Xeljanz line extension could lift drug's profile

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Xeljanz line extension could lift drug's profile
Xeljanz line extension could lift drug's profile

Early Phase III results from Pfizer's round of testing RA drug Xeljanz in a psoriasis setting could help bolster the rheumatoid arthritis drug's reputation and, perhaps, its sales. The drug maker will release the data later, but said in a statement that the drug's 10mg dose hit its non-inferiority benchmark when compared to Amgen/Pfizer's Enbrel, although it missed this same benchmark when comparing a 5mg dose of Xeljanz with Enbrel.

ISI Group analyst Mark Schoenebaum wrote Wednesday that the results could affect how HCPs view the drug, because the Phase III psoriasis results indicate a dose-response relationship for efficacy in this potential indication. In this instance, the analyst wrote that the drug, which was approved last November only in the 5mg dose for RA patients, could be perceived as “inferior to Enbrel and other biologics with a similar and less robust pool of long-term safety data,” but that the dose-response note in the company statement for the 10mg version of Xeljanz “could change the overall efficacy and safety profile of the 10mg dose in psoriasis.”

Schoenebaum added that the dermatology market is a large one and around 10% of the moderate-to-severe pool of psoriasis patients uses biologics to treat their conditions. Schoenebaum estimates Xeljanz has potential to generate sales in psoriasis of about $1 billion worldwide.

Pfizer said it expects results from five psoriasis clinical studies will provide the foundation for an FDA submission and anticipates that results from two of these studies will surface in the second quarter of next year.

A positive psoriasis outcome could also fill out expectations surrounding Pfizer's anticipated break-up into three businesses around 2017. The company said in July that it would begin providing distinct financials for its three potential businesses—two innovative companies and a value business—starting next year.

The potential split creates a lopsided innovative space. ISI's Schoenebaum projected in an Oct. 2 conference call that “innovation business one” which contains vaccines, oncology and consumer healthcare accounts for about $15 billion of current Pfizer revenues and is top-heavy with drugs like ED drug Viagra, smoking cessation treatment Chantix, transplant medication Rapamune, OAB treatment Toviaz and RA drug Xeljanz. He described this business as one with “limited clinical risk, but significant commercial risk.”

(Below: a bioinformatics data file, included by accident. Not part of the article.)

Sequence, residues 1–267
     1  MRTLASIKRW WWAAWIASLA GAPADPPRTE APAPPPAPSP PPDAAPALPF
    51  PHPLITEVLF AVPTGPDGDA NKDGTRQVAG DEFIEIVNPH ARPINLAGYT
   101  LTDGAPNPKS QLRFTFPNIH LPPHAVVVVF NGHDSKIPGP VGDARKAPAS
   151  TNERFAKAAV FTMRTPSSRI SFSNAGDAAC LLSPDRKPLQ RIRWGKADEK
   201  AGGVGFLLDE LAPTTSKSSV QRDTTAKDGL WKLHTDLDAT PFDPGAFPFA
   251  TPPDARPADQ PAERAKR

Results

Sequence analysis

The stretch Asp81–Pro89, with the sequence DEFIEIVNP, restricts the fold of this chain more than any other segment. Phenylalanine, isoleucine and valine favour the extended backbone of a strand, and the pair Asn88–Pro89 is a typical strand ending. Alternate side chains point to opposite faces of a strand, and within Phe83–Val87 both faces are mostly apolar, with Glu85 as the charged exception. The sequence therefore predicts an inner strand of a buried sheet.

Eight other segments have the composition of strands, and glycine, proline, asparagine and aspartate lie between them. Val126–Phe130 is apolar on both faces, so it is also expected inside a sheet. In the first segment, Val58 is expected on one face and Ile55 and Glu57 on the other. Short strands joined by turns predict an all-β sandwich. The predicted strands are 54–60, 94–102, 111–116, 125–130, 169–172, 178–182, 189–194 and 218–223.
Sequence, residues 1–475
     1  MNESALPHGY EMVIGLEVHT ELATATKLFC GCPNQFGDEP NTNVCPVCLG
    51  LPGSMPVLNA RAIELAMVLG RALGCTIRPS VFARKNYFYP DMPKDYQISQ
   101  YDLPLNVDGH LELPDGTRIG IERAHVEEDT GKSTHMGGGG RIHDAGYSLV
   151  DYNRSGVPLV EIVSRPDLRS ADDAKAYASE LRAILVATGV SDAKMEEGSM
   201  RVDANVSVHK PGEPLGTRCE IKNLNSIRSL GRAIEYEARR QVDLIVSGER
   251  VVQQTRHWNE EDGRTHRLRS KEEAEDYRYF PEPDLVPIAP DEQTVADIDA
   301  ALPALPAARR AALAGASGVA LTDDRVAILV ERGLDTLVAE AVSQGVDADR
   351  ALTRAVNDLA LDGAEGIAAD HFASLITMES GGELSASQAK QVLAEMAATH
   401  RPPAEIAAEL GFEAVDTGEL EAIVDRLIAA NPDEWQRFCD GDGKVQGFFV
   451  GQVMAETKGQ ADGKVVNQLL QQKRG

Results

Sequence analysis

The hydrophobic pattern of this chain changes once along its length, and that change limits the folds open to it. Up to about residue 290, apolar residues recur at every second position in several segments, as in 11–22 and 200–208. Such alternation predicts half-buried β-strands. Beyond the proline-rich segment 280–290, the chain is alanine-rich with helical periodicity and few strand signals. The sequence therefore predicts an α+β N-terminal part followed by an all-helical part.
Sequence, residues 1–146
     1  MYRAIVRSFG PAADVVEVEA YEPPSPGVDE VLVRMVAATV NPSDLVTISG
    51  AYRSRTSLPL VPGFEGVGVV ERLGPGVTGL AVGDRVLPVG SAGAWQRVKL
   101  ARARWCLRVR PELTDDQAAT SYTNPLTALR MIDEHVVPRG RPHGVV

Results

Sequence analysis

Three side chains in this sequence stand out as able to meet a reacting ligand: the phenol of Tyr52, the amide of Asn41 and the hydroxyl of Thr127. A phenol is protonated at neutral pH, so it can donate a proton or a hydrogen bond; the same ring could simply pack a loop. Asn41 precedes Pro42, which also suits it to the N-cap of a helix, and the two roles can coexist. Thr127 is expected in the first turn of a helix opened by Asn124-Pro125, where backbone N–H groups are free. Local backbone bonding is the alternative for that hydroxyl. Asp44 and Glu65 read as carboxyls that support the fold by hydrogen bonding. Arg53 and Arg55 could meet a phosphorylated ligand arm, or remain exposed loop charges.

The second, and separate innovative business, is one Schoenebaum said is more like a biotech, with a small, estimated base of around $9 billion of current Pfizer sales, and a future that is highly dependent on the pipeline breast cancer drug palbociclib.  This second innovative group also includes pneumonia vaccine Prevnar, but palbociclib is the core of the potentially independent business unit, much like the role AbbVie's Humira plays at that company.

A psoriasis indication for Xeljanz could add lift to the theoretical "innovation business one" unit, and also provide a bit of redemption. The drug has not tipped the company into post-Lipitor recovery mode in the US. The EU rejected the drug for RA, further limiting its reach.

Moving into psoriasis is not uncommon for this class of RA treatments. AbbVie's Humira's growing list of indications includes RA, plaque psoriasis, Crohn's disease, ulcerative colitis, among others, is a key example of the line extensions that are possible for RA treatments.

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